We have four core values – aspiration, courage, creativity and kindness – which underpin the mission statement and determine the classroom culture within which the curriculum is delivered. Our school’s mission is to ensure that all children are confident, well-educated and prepared for the future, and every decision we have made about how the Horizons Curriculum came about has been based on how we achieve our mission.

For example, the arts play a key role in developing confidence for our children so they can compete with their more privileged peers. Expectations are extremely high so that we can give our children the best chance at academic success – which we define by being well educated. We ensure that we think carefully about transitions from one key stage to the next to ensure children are well prepared for each stage of their education.

Enriching the curriculum

Although for many schools enrichment experiences are not unusual, in a town where infrastructure is poor and access to such experiences is limited, we go the extra mile to ensure our children have as much enrichment as we can possibly provide. One class took a trip to London to visit the Natural History Museum and not one child in the class had visited their capital city before.

Enrichment opportunities are at the heart of our curriculum and each half-term every class has a trip, workshop or unique experience. Some examples of this are Bollywood dancing in year 3, a trip to a synagogue for year 5, and science workshops.

The art room has evolved into a magical place where children develop their artistic skills, the drama space is used for performing arts, yoga and mindfulness teaching, and the school employs a full-time sports specialist, meaning children are learning the rules of team games and entering more sports competitions than ever in the school’s history.

Developing core skills

Another reason why the curriculum is key to us turning the school around is the emphasis on developing the children’s key skills. Phonics is taught from nursery and then comprehension, spelling, handwriting and grammar are all taught discretely from year 1 upwards.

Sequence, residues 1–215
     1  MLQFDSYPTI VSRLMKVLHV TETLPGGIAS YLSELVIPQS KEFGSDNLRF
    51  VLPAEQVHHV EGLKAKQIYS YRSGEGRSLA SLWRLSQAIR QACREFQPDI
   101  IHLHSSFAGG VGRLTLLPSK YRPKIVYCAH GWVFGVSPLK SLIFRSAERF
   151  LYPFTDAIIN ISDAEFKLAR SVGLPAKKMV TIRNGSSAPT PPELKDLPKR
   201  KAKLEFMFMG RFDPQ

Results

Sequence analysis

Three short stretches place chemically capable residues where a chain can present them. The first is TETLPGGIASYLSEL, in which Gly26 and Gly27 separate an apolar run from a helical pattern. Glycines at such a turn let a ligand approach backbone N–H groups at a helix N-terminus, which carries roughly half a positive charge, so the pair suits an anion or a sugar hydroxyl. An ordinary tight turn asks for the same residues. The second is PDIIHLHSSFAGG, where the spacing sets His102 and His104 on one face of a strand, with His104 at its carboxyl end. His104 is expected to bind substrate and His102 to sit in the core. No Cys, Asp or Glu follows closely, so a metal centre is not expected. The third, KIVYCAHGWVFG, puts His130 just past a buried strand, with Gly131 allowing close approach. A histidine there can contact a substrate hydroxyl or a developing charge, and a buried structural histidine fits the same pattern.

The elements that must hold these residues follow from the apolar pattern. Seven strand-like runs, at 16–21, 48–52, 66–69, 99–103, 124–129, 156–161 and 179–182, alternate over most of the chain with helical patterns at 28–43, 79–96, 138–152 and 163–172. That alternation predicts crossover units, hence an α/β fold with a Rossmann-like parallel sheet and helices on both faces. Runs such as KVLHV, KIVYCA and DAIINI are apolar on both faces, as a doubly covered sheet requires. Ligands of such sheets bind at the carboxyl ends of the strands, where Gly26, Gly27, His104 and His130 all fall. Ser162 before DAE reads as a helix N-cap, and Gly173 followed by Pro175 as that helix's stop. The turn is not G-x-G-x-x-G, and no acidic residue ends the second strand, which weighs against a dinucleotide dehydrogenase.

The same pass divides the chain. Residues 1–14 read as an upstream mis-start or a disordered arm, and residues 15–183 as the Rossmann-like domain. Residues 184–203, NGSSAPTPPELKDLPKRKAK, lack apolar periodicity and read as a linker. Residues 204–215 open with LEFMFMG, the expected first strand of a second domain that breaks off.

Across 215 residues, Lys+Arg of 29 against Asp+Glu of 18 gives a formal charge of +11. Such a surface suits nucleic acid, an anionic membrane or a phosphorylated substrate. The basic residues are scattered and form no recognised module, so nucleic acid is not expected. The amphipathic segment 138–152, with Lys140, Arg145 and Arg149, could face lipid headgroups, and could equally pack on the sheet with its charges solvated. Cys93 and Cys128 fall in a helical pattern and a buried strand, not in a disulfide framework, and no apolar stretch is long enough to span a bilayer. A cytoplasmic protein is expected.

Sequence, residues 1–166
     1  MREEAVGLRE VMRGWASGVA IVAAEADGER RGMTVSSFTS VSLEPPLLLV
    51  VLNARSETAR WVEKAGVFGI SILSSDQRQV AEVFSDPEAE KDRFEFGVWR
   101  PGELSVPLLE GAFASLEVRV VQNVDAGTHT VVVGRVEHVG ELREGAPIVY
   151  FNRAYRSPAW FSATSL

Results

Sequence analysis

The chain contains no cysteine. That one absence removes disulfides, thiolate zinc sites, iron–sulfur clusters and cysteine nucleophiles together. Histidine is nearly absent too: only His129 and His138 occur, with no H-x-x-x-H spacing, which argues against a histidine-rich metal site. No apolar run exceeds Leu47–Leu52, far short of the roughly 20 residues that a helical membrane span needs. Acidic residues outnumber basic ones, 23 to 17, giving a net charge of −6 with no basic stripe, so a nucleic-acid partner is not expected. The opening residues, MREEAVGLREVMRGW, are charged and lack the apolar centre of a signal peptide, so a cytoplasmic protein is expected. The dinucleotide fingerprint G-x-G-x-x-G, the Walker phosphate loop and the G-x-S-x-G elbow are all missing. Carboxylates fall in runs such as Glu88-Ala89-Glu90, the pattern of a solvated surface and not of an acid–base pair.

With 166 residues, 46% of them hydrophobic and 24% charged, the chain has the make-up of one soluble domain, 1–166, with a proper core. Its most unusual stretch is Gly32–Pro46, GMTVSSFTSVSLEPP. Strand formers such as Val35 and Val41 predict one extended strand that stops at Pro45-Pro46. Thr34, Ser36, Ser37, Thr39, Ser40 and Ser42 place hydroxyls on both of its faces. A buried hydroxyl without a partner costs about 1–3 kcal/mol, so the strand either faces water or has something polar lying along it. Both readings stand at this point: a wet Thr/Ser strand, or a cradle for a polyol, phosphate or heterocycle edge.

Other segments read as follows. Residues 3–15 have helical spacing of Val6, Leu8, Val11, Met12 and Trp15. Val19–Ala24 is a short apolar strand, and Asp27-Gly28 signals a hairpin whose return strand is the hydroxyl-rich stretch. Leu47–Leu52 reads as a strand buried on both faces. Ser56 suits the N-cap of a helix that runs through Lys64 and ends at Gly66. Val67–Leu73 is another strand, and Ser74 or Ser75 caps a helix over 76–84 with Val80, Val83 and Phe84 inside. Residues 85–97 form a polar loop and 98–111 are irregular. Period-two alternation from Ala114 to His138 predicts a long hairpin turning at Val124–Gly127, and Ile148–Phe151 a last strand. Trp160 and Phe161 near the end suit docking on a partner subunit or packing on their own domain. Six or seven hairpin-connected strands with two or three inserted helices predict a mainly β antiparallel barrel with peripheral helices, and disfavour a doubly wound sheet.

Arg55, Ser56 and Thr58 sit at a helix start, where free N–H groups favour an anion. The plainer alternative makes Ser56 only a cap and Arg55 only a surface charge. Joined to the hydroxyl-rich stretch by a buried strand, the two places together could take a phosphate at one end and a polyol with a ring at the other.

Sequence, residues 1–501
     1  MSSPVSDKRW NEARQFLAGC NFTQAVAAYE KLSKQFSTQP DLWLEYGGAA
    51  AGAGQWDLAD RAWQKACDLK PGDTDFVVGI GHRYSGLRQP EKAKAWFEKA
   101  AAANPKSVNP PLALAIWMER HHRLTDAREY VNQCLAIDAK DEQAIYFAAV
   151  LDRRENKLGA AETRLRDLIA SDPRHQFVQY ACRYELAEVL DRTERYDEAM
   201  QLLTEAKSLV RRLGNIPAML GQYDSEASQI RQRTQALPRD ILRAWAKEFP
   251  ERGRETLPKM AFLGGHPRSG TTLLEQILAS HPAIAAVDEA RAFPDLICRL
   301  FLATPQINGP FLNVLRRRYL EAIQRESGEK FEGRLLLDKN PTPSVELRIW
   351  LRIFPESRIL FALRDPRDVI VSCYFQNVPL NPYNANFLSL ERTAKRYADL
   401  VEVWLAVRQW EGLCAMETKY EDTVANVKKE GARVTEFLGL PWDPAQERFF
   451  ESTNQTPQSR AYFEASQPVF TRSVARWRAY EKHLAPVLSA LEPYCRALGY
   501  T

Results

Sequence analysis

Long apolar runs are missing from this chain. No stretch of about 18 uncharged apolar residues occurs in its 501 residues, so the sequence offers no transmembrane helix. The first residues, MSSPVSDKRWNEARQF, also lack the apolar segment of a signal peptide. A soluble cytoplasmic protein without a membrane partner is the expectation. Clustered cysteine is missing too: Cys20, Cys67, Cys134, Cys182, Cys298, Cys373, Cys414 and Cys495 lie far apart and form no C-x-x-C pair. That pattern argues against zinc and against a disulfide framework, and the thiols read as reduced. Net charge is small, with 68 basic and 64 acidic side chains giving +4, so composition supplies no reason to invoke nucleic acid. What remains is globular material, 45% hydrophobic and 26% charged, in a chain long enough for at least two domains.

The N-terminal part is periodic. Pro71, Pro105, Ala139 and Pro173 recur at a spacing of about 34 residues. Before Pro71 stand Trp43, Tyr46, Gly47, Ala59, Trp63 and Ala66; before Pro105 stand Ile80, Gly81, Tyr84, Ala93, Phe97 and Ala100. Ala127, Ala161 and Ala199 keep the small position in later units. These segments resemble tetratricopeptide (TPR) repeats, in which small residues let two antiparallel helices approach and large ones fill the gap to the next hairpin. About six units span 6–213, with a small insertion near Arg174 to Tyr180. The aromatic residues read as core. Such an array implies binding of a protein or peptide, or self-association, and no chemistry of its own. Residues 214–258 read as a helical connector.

Arithmetic and times-tables are taught daily in every class. These key skills have enabled the children to access the broad curriculum and ensure that they have increased their confidence to learn and succeed.

Future of the curriculum

Turning a school around has to be about long-term goals and curriculum. It can also be the vehicle for developing a leadership team. Stephany, the deputy head, has driven our curriculum development, and has learned so much in the process. The emphasis on curriculum forced her to think deeply about how to drive change and how to remain focused on our mission (there are many, many distractions from teaching and learning when a school is in crisis).

Conclusion

I have now heard people describe the school as vibrant and exciting with a buzz about it. There are very few incidents of poor behaviour and where the teaching and learning was inadequate, it is now good or better. Most children are making good progress from their starting points and key stage 2 outcomes have improved from 14 per cent combined in 2015/16 to a predicted 67 per cent combined this year. I’m pleased that we stuck to our focus on long-term goals and the curriculum. 

  • Nadia Paczuska is the headteacher of Phoenix St Peter Academy in Suffolk. She is a graduate of the government’s Talented Leaders initiative, which was run by the charity Ambition School Leadership.